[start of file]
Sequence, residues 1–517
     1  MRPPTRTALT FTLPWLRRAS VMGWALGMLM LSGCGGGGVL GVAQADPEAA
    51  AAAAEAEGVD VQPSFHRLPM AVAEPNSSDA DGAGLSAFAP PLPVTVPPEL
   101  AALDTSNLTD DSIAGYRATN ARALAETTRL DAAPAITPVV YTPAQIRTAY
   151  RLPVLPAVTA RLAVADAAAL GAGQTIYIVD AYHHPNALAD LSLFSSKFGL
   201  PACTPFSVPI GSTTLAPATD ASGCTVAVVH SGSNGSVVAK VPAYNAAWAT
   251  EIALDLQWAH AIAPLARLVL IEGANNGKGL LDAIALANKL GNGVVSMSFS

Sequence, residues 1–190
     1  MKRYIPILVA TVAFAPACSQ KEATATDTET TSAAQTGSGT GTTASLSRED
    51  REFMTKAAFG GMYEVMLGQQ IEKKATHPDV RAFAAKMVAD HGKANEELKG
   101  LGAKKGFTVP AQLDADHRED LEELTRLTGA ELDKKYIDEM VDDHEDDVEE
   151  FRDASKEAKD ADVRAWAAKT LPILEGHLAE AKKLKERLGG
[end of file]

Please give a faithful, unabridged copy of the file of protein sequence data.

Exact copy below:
Sequence, residues 1–517
     1  MRPPTRTALT FTLPWLRRAS VMGWALGMLM LSGCGGGGVL GVAQADPEAA
    51  AAAAEAEGVD VQPSFHRLPM AVAEPNSSDA DGAGLSAFAP PLPVTVPPEL
   101  AALDTSNLTD DSIAGYRATN ARALAETTRL DAAPAITPVV YTPAQIRTAY
   151  RLPVLPAVTA RLAVADAAAL GAGQTIYIVD AYHHPNALAD LSLFSSKFGL
   201  PACTPFSVPI GSTTLAPATD ASGCTVAVVH SGSNGSVVAK VPAYNAAWAT
   251  EIALDLQWAH AIAPLARLVL IEGANNGKGL LDAIALANKL GNGVVSMSFS

Sequence, residues 1–190
     1  MKRYIPILVA TVAFAPACSQ KEATATDTET TSAAQTGSGT GTTASLSRED
    51  REFMTKAAFG GMYEVMLGQQ IEKKATHPDV RAFAAKMVAD HGKANEELKG
   101  LGAKKGFTVP AQLDADHRED LEELTRLTGA ELDKKYIDEM VDDHEDDVEE
   151  FRDASKEAKD ADVRAWAAKT LPILEGHLAE AKKLKERLGG